But in the meantime here are some of the ways that I'm going to try and warm up my last month of autumn and my winter a bit:

I'm going to try and raise my level of fitness by going to gym for another session a week or by committing to some home exercise time on a regular basis. Actually maybe I need to a goal to work towards.

I'm going to expand my soup repertoire past the leek and potato and vegetable basics.

I'm going to learn something new. I think it's time for me to leave my comfort zone and experiment.

I'm going to try again to try and meditate.

I'm going to research and buy some quality, not itchy thermal underwear.

I'm going to take a break from knitting socks after I finish this pair and knit a bunch of beanies, mittens, scarves and shawls. Pepper has a list up on the door where family members can place their orders.

I'm going to make myself rug up and get outside whenever it's not windy and raining.

I'm going to plan some trips to Melbourne.

I am going to make up a mantra about decay and rotting being part of the cycle of life and I'm going to write it out and repeat it to myself.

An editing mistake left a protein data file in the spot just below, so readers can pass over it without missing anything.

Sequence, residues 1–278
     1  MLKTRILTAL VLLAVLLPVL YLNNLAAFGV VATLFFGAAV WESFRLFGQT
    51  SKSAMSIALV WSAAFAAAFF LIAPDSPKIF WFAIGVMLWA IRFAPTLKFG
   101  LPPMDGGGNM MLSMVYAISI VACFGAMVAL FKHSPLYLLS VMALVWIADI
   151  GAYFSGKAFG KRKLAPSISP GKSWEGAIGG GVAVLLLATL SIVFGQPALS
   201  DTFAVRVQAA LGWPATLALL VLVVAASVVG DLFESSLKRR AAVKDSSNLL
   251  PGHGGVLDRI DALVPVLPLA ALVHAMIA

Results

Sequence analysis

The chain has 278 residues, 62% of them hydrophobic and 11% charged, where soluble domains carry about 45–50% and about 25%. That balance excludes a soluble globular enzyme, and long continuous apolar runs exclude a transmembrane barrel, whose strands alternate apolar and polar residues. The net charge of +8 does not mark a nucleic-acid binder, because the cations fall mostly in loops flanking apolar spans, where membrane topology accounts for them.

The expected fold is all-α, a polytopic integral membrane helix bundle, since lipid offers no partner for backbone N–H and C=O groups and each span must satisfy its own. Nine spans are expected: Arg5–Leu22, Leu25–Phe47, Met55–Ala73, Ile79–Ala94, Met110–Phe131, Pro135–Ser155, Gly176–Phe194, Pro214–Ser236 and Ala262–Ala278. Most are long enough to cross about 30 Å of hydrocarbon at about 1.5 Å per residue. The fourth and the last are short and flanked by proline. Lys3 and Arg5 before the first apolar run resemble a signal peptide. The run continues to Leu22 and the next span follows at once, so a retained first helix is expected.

I'm going to (try my hardest to) keep our house clean and tidy.

I'm going to make some nice smelling bath things.

When we're stuck inside for days at a time, I'm going to remind myself that I dream of the slow, quiet days in summer and autumn and try to re-frame the whole situation.


And then I walk out the front door and there are mushrooms growing on the grass. Seriously. I am not a fan of the fungus.

How about you?
Has the season changed where you are?
Do you have any sure fire ways to beat the cold weather blues?
Do you have any super soup recipes, yoga for beginners You-tubes, meditation for dummies apps?
Do you have anything fun planned for the weekend?
I hope so.

See you next week.

Love Kate
xx





35 comments: